Scientific Structure, Aristotle's Arts, and 50 Years of Daddy Issues

The Rumpus interviewed Alexandra Kimbull about her Hazlitt piece concerning financial privilege and journalism.

Structure is an important part of the reading experience, for fiction and nonfiction alike. Rebecca Skloot recently described her fascination with structure—and her decision to embed herself and her experiences in The Immortal Life of Henrietta Lacks.

There's a great piece from Daniel Baird in The Walrus this month, on Fine Arts finding and the counter-intuitive necessity of publicly funding certain expensive, relatively unpopular—or down right elitist—institutions, like the National Gallery, or the AGO. Then again, that this line of thinking is counter-intuitive is only evidence of how deeply a time, a zeitgeist, can shape what it means at base to be a human being.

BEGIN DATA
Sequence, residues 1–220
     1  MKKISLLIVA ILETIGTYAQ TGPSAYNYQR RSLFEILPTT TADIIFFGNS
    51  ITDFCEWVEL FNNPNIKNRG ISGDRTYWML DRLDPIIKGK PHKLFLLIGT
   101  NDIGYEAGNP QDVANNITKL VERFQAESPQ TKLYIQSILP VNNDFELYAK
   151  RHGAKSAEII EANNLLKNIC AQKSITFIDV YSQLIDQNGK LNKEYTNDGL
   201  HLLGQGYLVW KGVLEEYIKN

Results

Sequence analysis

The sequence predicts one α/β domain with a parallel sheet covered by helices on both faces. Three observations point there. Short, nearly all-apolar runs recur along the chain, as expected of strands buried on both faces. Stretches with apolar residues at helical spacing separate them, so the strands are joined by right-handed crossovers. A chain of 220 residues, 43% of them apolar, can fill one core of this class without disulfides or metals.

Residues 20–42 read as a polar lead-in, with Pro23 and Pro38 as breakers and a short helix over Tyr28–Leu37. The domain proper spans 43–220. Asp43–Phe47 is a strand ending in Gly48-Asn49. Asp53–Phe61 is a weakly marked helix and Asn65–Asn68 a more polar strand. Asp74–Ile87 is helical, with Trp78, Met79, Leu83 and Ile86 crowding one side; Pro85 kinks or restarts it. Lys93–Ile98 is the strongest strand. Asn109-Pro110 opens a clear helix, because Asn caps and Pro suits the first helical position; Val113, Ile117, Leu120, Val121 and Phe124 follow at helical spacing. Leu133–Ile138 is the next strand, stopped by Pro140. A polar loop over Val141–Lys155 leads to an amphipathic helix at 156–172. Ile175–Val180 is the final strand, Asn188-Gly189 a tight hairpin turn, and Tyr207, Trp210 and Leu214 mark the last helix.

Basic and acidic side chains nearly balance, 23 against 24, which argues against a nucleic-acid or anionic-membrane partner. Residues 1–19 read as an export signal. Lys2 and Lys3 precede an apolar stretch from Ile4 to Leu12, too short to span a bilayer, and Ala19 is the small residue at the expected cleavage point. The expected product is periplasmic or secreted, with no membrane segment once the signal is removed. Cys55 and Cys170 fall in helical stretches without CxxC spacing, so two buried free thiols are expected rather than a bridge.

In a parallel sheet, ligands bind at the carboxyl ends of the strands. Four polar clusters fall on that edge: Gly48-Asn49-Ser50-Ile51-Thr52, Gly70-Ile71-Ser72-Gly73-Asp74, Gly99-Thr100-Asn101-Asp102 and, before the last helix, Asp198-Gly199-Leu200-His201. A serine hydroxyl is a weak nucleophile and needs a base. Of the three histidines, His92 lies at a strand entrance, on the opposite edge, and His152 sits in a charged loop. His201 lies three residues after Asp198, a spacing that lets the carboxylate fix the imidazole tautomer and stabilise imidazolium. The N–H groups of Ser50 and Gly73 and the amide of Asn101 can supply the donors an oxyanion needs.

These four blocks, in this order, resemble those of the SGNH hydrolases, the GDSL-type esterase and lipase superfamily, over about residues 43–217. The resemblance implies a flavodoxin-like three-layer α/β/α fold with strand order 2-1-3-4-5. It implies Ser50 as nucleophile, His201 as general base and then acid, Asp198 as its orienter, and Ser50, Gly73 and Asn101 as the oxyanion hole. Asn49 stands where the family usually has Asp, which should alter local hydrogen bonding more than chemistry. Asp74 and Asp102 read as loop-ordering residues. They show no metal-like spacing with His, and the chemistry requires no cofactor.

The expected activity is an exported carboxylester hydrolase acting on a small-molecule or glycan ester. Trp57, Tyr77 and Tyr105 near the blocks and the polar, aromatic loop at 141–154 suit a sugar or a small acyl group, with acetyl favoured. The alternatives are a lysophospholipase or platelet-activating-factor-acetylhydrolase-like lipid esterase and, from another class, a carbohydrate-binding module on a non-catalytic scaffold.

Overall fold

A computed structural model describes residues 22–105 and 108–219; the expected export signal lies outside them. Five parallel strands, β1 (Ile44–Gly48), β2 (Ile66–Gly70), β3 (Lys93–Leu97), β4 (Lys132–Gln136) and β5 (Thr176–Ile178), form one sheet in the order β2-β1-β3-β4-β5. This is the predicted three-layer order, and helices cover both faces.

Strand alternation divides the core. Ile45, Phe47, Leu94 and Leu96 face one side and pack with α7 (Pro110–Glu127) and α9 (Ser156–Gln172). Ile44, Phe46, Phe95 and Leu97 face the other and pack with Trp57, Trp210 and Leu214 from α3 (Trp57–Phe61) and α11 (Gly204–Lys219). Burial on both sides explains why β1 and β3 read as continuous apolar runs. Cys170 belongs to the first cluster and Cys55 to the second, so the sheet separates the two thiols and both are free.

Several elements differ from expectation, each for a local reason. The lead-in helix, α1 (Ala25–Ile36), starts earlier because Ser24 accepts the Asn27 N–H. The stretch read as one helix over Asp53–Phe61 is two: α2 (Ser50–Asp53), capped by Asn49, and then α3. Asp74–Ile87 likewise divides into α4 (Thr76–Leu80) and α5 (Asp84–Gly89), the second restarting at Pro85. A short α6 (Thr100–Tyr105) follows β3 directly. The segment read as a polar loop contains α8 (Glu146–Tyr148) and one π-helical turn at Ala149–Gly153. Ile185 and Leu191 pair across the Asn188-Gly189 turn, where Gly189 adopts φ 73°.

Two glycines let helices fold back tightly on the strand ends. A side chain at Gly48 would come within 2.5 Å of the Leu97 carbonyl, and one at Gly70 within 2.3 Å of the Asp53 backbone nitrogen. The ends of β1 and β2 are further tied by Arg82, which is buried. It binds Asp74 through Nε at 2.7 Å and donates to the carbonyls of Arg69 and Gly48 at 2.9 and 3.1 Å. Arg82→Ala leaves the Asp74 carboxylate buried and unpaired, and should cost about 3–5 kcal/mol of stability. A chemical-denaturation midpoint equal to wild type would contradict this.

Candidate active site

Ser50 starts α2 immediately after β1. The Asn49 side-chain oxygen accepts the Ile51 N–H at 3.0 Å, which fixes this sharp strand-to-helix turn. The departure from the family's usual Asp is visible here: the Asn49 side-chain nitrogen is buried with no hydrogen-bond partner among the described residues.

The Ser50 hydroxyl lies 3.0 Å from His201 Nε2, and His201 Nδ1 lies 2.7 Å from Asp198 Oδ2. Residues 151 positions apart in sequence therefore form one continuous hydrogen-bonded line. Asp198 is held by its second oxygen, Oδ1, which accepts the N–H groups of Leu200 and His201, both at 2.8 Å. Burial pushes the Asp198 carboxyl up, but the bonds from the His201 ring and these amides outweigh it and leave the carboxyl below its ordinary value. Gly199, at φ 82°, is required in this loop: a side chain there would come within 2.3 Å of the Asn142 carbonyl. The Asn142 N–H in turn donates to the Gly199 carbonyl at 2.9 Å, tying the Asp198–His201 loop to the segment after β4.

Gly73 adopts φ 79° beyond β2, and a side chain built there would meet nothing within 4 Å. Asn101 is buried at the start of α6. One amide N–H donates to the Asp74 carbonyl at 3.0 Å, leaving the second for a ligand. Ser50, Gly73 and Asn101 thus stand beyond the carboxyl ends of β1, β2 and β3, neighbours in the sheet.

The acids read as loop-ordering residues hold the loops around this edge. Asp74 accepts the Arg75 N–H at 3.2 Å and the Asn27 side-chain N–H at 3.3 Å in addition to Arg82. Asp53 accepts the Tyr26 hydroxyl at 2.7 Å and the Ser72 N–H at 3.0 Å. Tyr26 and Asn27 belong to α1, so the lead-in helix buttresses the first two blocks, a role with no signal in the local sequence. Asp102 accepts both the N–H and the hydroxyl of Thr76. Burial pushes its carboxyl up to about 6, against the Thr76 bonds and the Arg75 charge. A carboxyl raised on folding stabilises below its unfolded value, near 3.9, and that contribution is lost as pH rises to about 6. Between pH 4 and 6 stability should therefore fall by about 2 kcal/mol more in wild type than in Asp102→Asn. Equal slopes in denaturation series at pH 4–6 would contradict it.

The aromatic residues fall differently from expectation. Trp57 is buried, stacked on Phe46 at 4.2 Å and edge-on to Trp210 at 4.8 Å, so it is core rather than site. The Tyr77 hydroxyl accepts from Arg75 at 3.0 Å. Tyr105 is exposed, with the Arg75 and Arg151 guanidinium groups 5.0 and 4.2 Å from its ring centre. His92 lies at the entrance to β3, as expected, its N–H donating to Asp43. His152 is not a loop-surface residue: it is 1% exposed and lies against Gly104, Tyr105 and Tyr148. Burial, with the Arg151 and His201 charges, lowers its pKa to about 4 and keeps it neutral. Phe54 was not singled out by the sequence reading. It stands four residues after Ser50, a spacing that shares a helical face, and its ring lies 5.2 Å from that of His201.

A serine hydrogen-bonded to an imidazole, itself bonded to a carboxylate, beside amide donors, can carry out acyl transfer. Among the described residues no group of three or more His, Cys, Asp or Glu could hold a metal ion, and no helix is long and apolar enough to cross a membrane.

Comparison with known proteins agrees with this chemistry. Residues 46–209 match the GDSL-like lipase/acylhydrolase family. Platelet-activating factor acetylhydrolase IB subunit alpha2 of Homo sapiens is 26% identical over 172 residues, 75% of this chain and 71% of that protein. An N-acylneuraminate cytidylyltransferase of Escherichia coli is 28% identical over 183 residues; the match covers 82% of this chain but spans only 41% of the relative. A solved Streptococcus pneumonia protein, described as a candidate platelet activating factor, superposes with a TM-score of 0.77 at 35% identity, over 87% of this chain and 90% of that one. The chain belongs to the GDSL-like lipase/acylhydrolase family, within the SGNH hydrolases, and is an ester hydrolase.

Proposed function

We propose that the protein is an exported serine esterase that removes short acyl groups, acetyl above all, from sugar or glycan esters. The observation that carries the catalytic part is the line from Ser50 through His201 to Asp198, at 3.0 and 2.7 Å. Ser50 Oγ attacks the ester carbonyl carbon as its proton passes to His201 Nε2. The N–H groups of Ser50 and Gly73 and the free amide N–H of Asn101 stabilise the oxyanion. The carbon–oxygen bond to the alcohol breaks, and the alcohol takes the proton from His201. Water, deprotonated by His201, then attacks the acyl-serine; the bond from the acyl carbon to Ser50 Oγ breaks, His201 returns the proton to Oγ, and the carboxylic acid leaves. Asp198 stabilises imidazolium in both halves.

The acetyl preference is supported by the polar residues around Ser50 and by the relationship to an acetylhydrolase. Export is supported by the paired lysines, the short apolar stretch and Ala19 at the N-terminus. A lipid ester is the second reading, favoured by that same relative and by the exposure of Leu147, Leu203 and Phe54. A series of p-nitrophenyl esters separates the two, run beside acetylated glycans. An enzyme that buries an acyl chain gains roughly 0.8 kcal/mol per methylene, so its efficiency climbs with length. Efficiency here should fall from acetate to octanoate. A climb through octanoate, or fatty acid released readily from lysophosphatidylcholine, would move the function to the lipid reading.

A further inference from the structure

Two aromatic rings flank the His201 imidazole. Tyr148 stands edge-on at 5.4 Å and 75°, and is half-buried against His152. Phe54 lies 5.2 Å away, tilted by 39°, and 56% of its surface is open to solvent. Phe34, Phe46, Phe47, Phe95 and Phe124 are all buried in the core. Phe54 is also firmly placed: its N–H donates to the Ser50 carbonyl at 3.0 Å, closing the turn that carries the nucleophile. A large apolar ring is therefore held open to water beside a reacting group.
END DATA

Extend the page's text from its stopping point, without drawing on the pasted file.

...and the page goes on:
Lydia Kiesling on the extremely heterogeneous linguistic pleasures of Salman Rushdie's Midnight's Children.

There's a new Grace O'Connell short story in this weekend's Globe and Mail.

And it's been a full fifty years since Sylvia Plath penned that brutish and brooding poem, “Daddy.”